Living with a mental illness can be isolating and overwhelming. Many people wonder if there is light at the end of the tunnel and if they’ll ever feel normal again. The good news is, help is out there and recovery is possible.
In addition to addiction therapists, drug rehab centers, addiction psychiatrists, suboxone clinics and sober living homes, our nationwide directory also includes mental health facilities.
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It can be difficult to pinpoint when certain emotions or behaviors become unhealthy. For example, when does feeling “down” officially become depression? Harvard Medical School defines a mental illness as “a mental health condition that gets in the way of thinking, relating to others, and day-to-day function.”
Being sad after a break-up or having trouble sleeping the night before a job interview are normal responses to a stressful situation. It’s when these feelings and behaviors take over your life and have a negative impact that they become problematic. Unfortunately, there is still a stigma around having a mental health condition, and that can prevent people from seeking out treatment.
In the journey towards wellness, the most difficult step is often the first one: asking for help. It’s time to consider treatment for a mental illness when a person is experiencing:
Oftentimes, a person with a mental illness will also be misusing drugs or alcohol. Signs of a substance abuse disorder include:
It is brave for a person to admit that they have a problem and need help. Some people seek help for a mental illness by first speaking with their primary care doctor. Others will seek help from a specialized mental health facility. The important thing is for a person to do what feels right and comfortable for them.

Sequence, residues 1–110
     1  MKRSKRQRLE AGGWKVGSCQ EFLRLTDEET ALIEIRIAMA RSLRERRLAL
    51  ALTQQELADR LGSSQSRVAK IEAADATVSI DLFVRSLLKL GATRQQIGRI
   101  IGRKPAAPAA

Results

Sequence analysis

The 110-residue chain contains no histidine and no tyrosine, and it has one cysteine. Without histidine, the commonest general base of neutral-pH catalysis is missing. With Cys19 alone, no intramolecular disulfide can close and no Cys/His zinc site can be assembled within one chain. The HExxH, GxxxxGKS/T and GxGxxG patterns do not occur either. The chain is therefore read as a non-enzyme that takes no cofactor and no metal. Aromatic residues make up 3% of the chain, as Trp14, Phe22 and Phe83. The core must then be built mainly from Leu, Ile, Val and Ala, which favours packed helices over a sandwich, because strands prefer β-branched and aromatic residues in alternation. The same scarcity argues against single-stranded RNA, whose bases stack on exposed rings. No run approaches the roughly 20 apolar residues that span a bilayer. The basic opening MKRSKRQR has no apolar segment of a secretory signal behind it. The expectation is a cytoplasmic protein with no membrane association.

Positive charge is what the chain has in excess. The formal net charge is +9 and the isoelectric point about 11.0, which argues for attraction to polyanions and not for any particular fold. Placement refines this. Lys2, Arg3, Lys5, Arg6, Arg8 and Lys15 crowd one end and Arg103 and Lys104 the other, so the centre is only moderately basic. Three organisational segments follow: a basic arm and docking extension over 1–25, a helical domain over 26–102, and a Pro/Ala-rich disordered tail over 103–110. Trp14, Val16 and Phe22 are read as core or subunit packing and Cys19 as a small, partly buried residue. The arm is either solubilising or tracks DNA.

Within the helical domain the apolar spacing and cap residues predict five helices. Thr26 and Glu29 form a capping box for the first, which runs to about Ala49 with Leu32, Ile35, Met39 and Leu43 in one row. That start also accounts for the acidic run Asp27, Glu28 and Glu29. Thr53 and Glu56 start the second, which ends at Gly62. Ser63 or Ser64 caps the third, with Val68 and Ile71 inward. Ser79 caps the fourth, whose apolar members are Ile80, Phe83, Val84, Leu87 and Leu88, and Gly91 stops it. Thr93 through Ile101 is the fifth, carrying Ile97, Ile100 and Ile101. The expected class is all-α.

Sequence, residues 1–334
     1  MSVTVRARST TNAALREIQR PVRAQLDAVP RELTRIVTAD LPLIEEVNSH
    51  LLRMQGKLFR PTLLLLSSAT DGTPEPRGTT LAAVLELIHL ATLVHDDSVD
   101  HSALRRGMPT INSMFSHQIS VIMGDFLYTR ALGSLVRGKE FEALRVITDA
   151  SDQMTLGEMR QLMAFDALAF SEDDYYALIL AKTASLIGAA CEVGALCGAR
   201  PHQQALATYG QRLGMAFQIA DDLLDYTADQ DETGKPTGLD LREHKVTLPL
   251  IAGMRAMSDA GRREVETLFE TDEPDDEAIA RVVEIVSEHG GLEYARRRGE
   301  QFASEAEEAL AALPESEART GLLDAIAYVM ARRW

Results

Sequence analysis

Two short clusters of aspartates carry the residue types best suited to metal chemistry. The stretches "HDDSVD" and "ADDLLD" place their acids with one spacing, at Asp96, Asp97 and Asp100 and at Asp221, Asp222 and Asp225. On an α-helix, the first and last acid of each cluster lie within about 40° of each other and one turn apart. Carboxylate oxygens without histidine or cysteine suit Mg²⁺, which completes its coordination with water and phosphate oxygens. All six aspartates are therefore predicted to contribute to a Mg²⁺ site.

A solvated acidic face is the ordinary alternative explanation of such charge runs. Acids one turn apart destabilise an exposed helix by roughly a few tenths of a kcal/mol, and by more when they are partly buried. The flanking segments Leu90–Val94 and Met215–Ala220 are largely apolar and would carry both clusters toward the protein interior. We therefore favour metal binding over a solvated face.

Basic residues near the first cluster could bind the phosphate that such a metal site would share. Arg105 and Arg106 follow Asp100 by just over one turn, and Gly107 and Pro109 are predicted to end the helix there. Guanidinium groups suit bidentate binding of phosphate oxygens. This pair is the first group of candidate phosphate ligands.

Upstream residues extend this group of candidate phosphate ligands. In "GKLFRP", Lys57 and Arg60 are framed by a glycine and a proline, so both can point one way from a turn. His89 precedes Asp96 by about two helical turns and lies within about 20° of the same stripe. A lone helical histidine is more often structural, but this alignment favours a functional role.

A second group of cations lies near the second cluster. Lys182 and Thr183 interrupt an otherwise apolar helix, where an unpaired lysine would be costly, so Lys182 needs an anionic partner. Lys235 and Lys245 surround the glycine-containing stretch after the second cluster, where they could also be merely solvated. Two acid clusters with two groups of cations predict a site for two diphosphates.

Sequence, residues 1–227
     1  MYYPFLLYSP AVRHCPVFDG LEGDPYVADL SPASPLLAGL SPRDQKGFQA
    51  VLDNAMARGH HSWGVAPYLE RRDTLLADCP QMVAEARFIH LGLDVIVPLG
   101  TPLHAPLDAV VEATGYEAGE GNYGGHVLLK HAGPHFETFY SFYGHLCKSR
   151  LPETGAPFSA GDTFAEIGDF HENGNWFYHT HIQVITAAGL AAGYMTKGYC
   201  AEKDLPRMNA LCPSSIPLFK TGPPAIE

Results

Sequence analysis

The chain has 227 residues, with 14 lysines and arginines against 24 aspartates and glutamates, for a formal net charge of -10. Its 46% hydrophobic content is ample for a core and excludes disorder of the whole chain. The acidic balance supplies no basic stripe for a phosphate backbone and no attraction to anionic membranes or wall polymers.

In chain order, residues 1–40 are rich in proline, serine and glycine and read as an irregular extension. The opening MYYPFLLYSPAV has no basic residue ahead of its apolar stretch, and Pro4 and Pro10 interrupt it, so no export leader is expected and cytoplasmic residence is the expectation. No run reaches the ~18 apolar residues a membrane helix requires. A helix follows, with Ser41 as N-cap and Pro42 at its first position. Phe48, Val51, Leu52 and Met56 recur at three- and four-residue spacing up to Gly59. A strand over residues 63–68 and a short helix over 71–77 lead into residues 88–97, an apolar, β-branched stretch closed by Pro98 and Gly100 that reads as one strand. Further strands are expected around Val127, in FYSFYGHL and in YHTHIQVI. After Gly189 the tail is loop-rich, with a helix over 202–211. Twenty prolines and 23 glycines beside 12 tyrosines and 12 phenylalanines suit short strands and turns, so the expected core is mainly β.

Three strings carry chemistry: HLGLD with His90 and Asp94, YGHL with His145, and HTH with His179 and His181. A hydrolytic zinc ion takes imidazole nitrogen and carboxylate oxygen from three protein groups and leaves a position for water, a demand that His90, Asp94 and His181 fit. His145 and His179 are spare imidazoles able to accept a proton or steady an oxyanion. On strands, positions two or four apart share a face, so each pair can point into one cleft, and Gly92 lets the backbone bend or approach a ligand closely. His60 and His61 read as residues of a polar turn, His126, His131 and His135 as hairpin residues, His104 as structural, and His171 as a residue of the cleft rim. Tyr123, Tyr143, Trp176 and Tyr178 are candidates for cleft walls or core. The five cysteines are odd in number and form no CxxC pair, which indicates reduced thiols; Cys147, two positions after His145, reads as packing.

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There is a strong link between mental health disorders and addiction. The two are often co-occurring disorders. The definition of co-occurring disorders is when a person experiences two or more disorders at the same time. Co-occurring disorder is a broad term and can refer to any mental and/or physical disorders. According to the National Institute on Drug Abuse (NIDA):
It is often difficult to determine which disorder occurred first. And having two disorders does not necessarily mean that one caused the other.
Unfortunately, many people don’t get the comprehensive treatment they need. Only 9.1% of people with co-occurring disorders receive treatment for both their mental illness and their substance abuse.
The terms “co-occurring disorder” and “dual diagnosis” are often used interchangeably, but they do mean two slightly different things. While co-occurring disorders can include any physical or mental conditions, the definition for dual diagnosis is more specific. Dual diagnosis refers to someone who is diagnosed with a mental illness or illnesses and a substance use disorder.
When a person experiences a mental health disorder and substance abuse at the same time, a co-occurring disorder and dual diagnosis treatment program is often the best option. Mental health and substance abuse are intertwined. Without addressing one condition, you cannot treat the other.
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To find a mental health treatment center or dual diagnosis treatment center in your area, you can search our nationwide directory. Treatment can be highly specialized, so it’s important that a person finds a center that meets their needs, goals, and lifestyle.
In a study released by NIDA, people who wanted to receive dual diagnosis treatment but were unable to encountered the following barriers:
Every day, people seek out confidential and voluntary treatment for their dual diagnosis. Being proactive and seeking treatment before disorders escalate gives you the ability to choose when, where, and how you receive treatment. While having a mental illness or substance abuse disorder is nothing to be ashamed, some people do value their privacy. No one has to know you are in treatment unless you decide to share that information with them.
It’s important to receive care in an environment that’s right for you. You can use our national directory to search for treatment centers and programs that are:
Finding the right treatment facility is important for a successful recovery.